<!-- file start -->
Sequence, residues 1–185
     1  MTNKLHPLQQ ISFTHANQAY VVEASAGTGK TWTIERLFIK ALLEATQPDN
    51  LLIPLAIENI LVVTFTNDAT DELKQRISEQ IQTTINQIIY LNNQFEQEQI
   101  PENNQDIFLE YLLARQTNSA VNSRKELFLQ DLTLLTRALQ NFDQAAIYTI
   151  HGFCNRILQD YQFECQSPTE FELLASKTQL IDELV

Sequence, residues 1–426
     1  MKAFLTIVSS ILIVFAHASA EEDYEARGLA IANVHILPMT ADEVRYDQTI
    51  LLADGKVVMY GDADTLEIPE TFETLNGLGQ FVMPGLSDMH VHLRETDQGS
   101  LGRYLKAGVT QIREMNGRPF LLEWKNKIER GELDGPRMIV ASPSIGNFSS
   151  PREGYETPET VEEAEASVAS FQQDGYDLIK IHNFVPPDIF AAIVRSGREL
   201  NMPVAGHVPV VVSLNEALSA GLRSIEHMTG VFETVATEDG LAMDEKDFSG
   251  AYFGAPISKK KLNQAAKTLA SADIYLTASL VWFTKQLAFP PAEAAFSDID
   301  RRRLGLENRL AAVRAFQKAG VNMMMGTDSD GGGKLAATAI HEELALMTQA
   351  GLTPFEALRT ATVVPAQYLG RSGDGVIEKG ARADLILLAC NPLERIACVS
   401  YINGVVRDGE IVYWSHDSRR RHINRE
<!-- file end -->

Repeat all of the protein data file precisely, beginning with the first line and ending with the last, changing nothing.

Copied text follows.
Sequence, residues 1–185
     1  MTNKLHPLQQ ISFTHANQAY VVEASAGTGK TWTIERLFIK ALLEATQPDN
    51  LLIPLAIENI LVVTFTNDAT DELKQRISEQ IQTTINQIIY LNNQFEQEQI
   101  PENNQDIFLE YLLARQTNSA VNSRKELFLQ DLTLLTRALQ NFDQAAIYTI
   151  HGFCNRILQD YQFECQSPTE FELLASKTQL IDELV

Sequence, residues 1–426
     1  MKAFLTIVSS ILIVFAHASA EEDYEARGLA IANVHILPMT ADEVRYDQTI
    51  LLADGKVVMY GDADTLEIPE TFETLNGLGQ FVMPGLSDMH VHLRETDQGS
   101  LGRYLKAGVT QIREMNGRPF LLEWKNKIER GELDGPRMIV ASPSIGNFSS
   151  PREGYETPET VEEAEASVAS FQQDGYDLIK IHNFVPPDIF AAIVRSGREL
   201  NMPVAGHVPV VVSLNEALSA GLRSIEHMTG VFETVATEDG LAMDEKDFSG
   251  AYFGAPISKK KLNQAAKTLA SADIYLTASL VWFTKQLAFP PAEAAFSDID
   301  RRRLGLENRL AAVRAFQKAG VNMMMGTDSD GGGKLAATAI HEELALMTQA
   351  GLTPFEALRT ATVVPAQYLG RSGDGVIEKG ARADLILLAC NPLERIACVS
   401  YINGVVRDGE IVYWSHDSRR RHINRE